Mr. Yan ZHOU
Research Postgraduate Student
Military Investment and the Rise of Industrial Clusters: Evidence From China’s Self-strengthening Movement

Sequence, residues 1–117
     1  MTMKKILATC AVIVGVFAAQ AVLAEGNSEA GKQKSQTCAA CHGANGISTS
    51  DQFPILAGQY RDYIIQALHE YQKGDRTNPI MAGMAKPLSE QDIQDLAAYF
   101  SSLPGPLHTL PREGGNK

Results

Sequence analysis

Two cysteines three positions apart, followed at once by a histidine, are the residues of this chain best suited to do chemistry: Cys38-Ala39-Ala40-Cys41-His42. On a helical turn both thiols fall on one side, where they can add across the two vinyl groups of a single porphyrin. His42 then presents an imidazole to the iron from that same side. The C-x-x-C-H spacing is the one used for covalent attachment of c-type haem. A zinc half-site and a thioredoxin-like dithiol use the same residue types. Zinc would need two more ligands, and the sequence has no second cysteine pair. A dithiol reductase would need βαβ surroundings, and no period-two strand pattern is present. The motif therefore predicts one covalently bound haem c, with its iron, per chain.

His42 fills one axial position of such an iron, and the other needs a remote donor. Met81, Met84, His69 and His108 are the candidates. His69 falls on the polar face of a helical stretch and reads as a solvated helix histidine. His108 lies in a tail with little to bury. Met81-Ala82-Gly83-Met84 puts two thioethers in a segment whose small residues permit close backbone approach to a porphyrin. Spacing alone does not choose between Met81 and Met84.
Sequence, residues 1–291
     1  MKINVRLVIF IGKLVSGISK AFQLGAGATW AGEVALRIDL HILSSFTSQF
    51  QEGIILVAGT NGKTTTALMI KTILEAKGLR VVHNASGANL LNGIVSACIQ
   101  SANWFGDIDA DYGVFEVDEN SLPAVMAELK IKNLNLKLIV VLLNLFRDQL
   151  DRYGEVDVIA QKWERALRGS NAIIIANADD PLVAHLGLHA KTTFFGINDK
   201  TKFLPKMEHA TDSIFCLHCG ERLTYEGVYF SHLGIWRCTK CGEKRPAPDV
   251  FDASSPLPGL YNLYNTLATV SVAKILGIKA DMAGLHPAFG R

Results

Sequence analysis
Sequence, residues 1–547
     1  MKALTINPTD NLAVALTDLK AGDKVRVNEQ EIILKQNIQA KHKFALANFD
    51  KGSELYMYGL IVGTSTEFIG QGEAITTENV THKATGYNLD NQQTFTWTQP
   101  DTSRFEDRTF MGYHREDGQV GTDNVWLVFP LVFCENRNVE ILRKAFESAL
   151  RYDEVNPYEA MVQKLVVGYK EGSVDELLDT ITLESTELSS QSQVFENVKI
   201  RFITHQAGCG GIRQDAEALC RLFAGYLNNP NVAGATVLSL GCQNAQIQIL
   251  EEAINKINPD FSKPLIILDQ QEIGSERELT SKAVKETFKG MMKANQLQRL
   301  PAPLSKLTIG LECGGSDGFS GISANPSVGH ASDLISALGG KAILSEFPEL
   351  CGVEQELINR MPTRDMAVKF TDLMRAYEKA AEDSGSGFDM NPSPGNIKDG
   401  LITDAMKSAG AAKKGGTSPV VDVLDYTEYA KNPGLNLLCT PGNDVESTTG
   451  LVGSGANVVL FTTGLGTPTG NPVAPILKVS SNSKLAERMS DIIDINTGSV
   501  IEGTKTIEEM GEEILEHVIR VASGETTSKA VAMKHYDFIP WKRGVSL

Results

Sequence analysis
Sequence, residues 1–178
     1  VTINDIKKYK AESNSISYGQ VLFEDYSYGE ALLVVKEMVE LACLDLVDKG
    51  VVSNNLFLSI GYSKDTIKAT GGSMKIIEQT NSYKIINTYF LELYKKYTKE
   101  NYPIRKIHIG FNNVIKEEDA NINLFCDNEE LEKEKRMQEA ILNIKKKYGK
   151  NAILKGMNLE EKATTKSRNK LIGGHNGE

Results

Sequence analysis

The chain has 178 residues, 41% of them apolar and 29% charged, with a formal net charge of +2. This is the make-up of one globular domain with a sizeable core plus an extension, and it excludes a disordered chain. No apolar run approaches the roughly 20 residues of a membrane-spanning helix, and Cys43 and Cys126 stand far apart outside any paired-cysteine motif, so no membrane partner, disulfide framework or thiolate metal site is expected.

This paper investigates the short- and long-term impact of large-scale military investment on civilian industrial growth by focusing on China’s first attempt to modernize its military sector between 1861 and 1894. Panel data from 1858 to 1937 suggest that the program generated positive effects on civilian firm entry, but these effects appeared only after the government relaxed constraints on the entry of private firms. Long-term analysis shows that counties that received more military investment through the program, driven by plausibly exogenous ex ante political connections, had greater output in civilian industries in the 1930s. Analysis of the mechanisms suggest that the program boosted local economies through input–output linkages, human capital accumulation, and the rise of modern banks.